Instead, we have this in-between time that I have just now come to perceive this year. There is an insignificant chill about the air that numbs your fingers and ears. Almost every leaf has fallen from the trees and has yellowed like banana browns. They litter the ground, some in piles, and others solitarily strewn about. Once in awhile, the little golden fronds will be lifted up by gusts of wind, be blown around, and fall once again to the no longer lush forest floor. The wind chimes are greatly pushed around by the ferocious winds that they seem at war with each other, in a constant battle.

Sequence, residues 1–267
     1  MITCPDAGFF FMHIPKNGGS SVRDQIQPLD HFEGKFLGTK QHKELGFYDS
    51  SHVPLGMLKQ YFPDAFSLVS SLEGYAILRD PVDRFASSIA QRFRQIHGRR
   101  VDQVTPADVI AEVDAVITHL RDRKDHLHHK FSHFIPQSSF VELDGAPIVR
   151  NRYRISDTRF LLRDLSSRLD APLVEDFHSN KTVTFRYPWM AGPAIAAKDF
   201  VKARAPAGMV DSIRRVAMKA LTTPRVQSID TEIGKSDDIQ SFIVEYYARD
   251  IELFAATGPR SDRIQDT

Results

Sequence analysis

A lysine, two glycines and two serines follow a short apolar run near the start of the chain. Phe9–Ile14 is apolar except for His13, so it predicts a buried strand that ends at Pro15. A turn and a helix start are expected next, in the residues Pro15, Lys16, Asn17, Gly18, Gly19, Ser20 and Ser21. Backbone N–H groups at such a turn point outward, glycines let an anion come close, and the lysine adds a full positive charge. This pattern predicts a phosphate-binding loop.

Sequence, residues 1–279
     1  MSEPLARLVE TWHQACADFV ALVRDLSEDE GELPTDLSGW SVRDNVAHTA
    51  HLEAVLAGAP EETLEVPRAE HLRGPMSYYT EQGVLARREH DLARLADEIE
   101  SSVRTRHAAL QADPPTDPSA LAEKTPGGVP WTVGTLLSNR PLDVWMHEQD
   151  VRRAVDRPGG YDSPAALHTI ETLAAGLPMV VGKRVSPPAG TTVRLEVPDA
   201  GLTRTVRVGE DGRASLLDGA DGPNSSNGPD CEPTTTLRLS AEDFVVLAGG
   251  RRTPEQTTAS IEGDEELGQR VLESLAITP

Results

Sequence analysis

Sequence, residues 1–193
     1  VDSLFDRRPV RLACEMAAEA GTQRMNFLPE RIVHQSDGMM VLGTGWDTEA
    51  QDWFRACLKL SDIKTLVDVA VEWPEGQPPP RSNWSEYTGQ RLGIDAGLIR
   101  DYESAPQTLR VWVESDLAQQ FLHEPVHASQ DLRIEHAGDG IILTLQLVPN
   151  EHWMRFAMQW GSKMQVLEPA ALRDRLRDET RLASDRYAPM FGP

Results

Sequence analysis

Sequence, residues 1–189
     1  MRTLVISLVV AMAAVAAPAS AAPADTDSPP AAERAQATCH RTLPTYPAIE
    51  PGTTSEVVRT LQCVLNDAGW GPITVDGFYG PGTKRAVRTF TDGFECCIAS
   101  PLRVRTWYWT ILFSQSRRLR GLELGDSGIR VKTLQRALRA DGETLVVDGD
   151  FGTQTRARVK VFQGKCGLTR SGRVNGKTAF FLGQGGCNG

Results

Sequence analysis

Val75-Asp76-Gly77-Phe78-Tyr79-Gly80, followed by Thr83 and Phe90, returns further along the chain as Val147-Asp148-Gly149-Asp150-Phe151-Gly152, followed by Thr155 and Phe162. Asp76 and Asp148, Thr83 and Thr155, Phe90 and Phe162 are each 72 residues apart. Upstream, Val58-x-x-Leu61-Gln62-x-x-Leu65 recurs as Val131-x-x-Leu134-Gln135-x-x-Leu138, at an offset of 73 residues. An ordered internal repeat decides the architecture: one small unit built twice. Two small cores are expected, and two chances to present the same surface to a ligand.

Another leaf falls from a tree, then another. One skitters across the still porch and descends off the edge.
All of a sudden, the wind gets forceful and tenacious, and shakes the tree house I sit on. The stature moans and creaks; it sways on its stilts.
Quietness takes an abrupt toll, and the wind chimes have stopped singing. Their melodic tunes can no longer be heard. This silence only lasts a minute, and then the heavy breeze is at war with the wind chimes again. They call out their song of peace, but the wind doesn’t listen, and the chimes keep trying.
Up above, the wind rustles through the trees and the few leaves that still remain, making them dance to the song; the clinking of metal against metal.
This is like all one big performance—the coming of winter. It is for everyone to observe. All you have to do is listen, and nature will tell you its story.